7. Best Permanent Braking System: Hopkins 39530 BrakeBuddy Stealth

Hopkins 39530 BrakeBuddy Stealth

Why we like it: This awesome option from Hopkins sits stealthily out of sight and doubles as a trailer brake system.

Editor’s Rating:

Quick Facts:

  • Portable or Permanent: Permanent
  • Brake Compatibility: Most cars
  • Braking System Type: Progressive
  • Emergency Breakaway: Yes
  • Dimensions: 16 x 16 x 7.5 inches; 15 pounds

The BrakeBuddy Stealth is an excellent permanent option for RVers who want a supplementary braking system that’s hidden from sight. The untrained eye won’t even notice these stealthy auxiliary brakes, and the unit is super easy to use—a true ‘set it and forget it’ solution.

Although the initial installation takes a while and may require professional help, the system is super-fast and easy to engage once it’s ready to go. All you need to do is plug the adapter in and hook up the tow bar, a process that takes one minute or less.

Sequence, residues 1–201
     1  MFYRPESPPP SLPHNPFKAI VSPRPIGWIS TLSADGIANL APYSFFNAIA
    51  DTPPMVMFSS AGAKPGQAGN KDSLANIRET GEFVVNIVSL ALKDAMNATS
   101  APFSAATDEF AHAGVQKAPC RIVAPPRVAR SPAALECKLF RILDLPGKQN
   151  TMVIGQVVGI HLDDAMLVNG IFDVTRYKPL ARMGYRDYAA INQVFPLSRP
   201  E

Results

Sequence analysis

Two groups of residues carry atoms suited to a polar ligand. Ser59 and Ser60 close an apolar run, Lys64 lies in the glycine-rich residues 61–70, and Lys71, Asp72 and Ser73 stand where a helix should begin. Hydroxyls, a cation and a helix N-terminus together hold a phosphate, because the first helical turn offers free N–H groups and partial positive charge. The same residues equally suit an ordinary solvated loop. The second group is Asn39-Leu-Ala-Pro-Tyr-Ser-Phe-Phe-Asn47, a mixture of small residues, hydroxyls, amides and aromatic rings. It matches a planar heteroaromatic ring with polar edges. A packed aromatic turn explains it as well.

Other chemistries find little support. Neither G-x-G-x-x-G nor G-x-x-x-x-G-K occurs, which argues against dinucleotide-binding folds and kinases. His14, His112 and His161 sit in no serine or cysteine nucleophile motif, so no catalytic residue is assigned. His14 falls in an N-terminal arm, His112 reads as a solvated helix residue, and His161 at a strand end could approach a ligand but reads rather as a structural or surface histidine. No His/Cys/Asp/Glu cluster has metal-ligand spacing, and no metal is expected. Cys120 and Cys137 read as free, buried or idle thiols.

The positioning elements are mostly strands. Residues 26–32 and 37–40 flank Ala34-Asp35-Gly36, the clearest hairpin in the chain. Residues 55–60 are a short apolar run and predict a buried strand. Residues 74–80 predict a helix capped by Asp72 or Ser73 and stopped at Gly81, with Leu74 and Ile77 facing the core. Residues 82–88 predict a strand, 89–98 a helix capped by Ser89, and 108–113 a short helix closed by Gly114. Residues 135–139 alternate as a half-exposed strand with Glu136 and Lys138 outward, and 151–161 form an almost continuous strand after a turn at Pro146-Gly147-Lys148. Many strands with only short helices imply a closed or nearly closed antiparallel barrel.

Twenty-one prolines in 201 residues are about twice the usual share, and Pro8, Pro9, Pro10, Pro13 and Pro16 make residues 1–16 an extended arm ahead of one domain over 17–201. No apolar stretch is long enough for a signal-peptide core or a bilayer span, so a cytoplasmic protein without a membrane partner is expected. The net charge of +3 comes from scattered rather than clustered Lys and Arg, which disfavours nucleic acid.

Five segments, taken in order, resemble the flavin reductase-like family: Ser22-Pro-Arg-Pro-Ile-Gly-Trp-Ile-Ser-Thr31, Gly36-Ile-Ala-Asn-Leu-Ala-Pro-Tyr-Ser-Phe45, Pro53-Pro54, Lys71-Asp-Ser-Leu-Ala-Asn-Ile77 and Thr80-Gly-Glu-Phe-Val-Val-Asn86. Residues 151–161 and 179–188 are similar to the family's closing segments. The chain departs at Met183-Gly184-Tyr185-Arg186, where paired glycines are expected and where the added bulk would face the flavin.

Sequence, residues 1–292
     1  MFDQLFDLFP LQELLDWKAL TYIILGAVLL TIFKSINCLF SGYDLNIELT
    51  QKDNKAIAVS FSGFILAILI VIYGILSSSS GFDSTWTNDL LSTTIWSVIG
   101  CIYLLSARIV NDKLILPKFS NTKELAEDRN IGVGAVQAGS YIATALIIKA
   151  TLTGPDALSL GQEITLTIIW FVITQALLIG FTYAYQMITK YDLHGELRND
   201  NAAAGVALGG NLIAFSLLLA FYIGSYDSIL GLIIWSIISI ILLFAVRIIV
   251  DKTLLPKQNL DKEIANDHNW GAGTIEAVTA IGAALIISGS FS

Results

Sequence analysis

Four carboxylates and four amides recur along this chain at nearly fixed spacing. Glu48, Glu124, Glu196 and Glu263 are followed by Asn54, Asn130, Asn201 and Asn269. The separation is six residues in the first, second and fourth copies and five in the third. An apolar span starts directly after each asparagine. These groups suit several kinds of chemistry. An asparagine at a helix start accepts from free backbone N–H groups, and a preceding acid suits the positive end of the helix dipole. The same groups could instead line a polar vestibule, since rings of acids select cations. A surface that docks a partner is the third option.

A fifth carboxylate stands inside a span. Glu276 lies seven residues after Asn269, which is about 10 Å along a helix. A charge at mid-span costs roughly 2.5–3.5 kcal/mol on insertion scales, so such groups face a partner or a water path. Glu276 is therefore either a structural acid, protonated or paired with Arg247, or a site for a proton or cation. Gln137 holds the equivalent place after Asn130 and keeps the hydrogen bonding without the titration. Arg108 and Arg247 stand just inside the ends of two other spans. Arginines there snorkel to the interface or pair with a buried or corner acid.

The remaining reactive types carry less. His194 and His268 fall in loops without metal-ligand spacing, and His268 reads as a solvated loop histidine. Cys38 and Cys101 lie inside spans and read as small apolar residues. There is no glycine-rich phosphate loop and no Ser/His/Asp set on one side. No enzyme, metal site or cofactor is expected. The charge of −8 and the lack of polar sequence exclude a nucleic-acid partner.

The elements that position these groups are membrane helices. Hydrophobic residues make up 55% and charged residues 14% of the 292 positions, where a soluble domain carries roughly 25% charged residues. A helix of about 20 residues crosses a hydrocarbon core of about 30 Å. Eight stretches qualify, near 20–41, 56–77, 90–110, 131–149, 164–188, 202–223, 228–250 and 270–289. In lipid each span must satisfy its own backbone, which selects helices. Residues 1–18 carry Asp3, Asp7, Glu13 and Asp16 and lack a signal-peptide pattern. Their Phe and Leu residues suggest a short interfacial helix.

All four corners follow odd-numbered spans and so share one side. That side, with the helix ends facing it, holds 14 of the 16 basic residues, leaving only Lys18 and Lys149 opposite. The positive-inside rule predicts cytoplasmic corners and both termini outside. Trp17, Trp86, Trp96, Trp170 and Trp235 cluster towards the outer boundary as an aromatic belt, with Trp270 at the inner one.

It’s a high-performance progressive system; thus, the unit will detect changes in inertia and apply the brakes accordingly. A vacuum pump replenishes the vacuum system to ensure consistent and reliable braking operation for years to come.

We appreciate that this unit comes with a battery maintainer and disconnect kit, as you’ll never worry about draining your toad flat.

Another big highlight is the device works well as a proportion trailer brake controller—you’re not limited to using it just on your toad. Of course, as it’s a permanent solution, it won’t be easy to move between vehicles. Nonetheless, it’s an excellent backup to have if you expect to upgrade to a trailer further down the track.

Pros

  • Sits almost entirely out of sight
  • Easy to engage for each use
  • Includes battery maintainer
  • Doubles as a trailer brake controller

Cons

  • Installation isn’t easy

8. Best Portable Braking System: Roadmaster 9700 Supplemental Braking System

Roadmaster 9700 Supplemental Braking System

Why we like it: It’s simple to switch between vehicles and comes with an emergency breakaway system.

Editor’s Rating:

Quick Facts:

  • Portable or Permanent: Portable
  • Brake Compatibility: Suitable for most cars
  • Braking System Type: Progressive
  • Emergency Breakaway System: Yes
  • Dimensions: 25 x 13.5 x 16 inches; 20 pounds